Saturday, July 26, 2008

Matt 24 watch, 63: Astronaut Edgar Mitchell's UFO revelations -- whose report do we believe, why?

This week, 77 year old US Apollo 14 Astronaut Dr Edgar Mitchell, made some remarks on UFO's -- Unidentified Flying Objects -- that have hit at least a few headlines around the world.

In the UK Telegraph's report, we may see that:

Dr Edgar Mitchell, said he was aware of several UFO visits during his career, but each one had been covered up . . . . [he] said sources at [NASA] the [American] space agency had described aliens as resembling "little people who look strange to us".

Dr Mitchell told Kerrang! Radio that human technology was "not nearly as sophisticated" as theirs and had they been hostile, he warned: "We would be been gone by now" . . . . "There's not much question at all that there's life throughout the universe, we are not alone at all. I'm most assured about that.

"Have we been able to identify where the other planets are? No, certainly not in our Solar System but we have been able to identify quite a number of planets that could be life bearing planets.

"I happen to have been privileged enough to be in on the fact that we've been visited on this planet and the UFO phenomena is real.

"It's been well covered up by all our governments for the last 60 years or so, but slowly it's leaked out and some of us have been privileged to have been briefed on some of it.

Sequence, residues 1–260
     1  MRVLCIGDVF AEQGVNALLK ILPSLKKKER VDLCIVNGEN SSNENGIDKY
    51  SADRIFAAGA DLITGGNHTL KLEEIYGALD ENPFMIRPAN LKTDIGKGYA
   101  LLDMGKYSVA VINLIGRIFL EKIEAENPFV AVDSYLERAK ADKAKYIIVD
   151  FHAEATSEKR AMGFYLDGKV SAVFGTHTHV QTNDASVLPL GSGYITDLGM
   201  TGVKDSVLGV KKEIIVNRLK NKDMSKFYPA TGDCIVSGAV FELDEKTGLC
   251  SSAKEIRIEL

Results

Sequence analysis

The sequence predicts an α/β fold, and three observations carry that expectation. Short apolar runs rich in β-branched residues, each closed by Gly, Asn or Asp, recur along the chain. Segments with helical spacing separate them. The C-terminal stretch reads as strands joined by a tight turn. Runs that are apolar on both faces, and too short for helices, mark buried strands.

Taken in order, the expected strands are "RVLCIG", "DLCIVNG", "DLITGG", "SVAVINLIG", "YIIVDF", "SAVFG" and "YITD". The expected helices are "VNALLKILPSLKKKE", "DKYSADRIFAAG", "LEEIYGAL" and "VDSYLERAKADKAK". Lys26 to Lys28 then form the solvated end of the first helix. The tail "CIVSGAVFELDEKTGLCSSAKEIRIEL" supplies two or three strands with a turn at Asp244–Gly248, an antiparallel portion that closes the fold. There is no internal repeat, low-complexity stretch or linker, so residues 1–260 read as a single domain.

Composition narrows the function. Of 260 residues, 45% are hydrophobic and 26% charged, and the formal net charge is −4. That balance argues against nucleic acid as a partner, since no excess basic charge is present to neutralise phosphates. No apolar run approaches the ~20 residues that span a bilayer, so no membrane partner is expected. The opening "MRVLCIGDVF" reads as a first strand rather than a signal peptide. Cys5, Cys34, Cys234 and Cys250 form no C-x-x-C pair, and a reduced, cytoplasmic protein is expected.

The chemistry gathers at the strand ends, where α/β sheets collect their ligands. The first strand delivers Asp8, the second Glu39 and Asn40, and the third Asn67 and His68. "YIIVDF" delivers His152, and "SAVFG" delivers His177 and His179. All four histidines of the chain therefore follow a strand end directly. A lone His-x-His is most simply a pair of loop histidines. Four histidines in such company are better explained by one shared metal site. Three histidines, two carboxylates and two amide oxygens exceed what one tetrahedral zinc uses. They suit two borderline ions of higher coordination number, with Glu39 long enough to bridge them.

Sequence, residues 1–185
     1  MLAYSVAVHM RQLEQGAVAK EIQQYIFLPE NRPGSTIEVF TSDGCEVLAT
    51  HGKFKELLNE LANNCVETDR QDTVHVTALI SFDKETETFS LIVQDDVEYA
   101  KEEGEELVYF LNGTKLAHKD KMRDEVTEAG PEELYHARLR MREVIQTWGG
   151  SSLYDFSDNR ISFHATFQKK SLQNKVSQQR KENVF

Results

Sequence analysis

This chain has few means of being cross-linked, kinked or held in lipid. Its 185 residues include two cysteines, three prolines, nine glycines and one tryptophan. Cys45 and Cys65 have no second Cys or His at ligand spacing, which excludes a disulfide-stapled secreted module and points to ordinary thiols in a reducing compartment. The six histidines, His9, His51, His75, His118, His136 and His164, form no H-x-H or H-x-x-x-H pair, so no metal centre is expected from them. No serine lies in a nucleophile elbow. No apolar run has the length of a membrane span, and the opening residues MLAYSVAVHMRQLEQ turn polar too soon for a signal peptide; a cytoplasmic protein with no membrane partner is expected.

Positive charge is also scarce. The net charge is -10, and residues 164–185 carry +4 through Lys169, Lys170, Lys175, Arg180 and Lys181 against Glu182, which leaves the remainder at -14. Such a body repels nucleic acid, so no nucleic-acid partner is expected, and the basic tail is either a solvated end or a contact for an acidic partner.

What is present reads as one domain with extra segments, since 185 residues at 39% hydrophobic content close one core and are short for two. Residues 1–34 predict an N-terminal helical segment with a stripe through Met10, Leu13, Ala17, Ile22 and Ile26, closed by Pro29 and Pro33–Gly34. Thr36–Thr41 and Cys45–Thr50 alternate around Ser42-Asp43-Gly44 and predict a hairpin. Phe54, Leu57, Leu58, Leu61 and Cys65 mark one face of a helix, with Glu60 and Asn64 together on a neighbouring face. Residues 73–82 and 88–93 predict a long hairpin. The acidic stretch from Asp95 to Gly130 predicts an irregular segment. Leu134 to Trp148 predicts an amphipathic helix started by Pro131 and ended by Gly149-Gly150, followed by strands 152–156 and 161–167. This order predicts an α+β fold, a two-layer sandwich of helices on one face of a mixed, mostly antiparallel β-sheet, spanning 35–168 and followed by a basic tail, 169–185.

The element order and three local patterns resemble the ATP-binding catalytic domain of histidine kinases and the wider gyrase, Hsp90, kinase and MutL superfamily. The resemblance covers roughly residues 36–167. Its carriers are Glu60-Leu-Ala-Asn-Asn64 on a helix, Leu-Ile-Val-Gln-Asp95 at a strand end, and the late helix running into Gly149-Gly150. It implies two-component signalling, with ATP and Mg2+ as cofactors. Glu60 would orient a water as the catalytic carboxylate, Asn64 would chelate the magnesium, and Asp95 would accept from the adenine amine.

"I've been in military and intelligence circles, who know that beneath the surface of what has been public knowledge, yes – we have been visited.

"Reading the papers recently, it's been happening quite a bit." . . . .

Now, if this is true, it would indeed be earth-shaking news, not only that "we are not alone," but that there would have been a decades long conspiracy across several major governments to conceal the truth from us.

But, should we believe the claim?

Why, or why not?

That is a far more interesting issue, and brings to mind my recent devotional reading from John 8, just after Jesus had routed those who wanted to use the incident of the woman caught in the act of adultery to pose a dilemma to discredit or even destroy him:

JN 8:12 When Jesus spoke again to the people, he said, "I am the light of the world. Whoever follows me will never walk in darkness, but will have the light of life."

JN 8:13 The Pharisees challenged him, "Here you are, appearing as your own witness; your testimony is not valid."

JN 8:14 Jesus answered, "Even if I testify on my own behalf, my testimony is valid, for I know where I came from and where I am going. But you have no idea where I come from or where I am going. 15 You judge by human standards; I pass judgment on no one . . . . "

JN 8:23 But he continued, "You are from below; I am from above. You are of this world; I am not of this world. 24 I told you that you would die in your sins; if you do not believe that I am the one I claim to be, you will indeed die in your sins."

JN 8:25 "Who are you?" they asked.